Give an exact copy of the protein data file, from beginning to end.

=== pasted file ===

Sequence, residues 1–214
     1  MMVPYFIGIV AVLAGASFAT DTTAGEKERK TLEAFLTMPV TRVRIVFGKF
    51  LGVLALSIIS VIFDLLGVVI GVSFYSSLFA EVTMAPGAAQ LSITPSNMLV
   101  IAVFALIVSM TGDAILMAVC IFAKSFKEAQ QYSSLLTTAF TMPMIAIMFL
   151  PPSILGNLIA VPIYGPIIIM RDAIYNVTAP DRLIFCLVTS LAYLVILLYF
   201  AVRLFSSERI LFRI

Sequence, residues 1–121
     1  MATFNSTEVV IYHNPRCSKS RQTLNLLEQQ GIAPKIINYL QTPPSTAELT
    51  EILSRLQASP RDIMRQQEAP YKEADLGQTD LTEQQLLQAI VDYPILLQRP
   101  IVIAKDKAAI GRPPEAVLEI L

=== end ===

Sequence, residues 1–214
     1  MMVPYFIGIV AVLAGASFAT DTTAGEKERK TLEAFLTMPV TRVRIVFGKF
    51  LGVLALSIIS VIFDLLGVVI GVSFYSSLFA EVTMAPGAAQ LSITPSNMLV
   101  IAVFALIVSM TGDAILMAVC IFAKSFKEAQ QYSSLLTTAF TMPMIAIMFL
   151  PPSILGNLIA VPIYGPIIIM RDAIYNVTAP DRLIFCLVTS LAYLVILLYF
   201  AVRLFSSERI LFRI

Sequence, residues 1–121
     1  MATFNSTEVV IYHNPRCSKS RQTLNLLEQQ GIAPKIINYL QTPPSTAELT
    51  EILSRLQASP RDIMRQQEAP YKEADLGQTD LTEQQLLQAI VDYPILLQRP
   101  IVIAKDKAAI GRPPEAVLEI L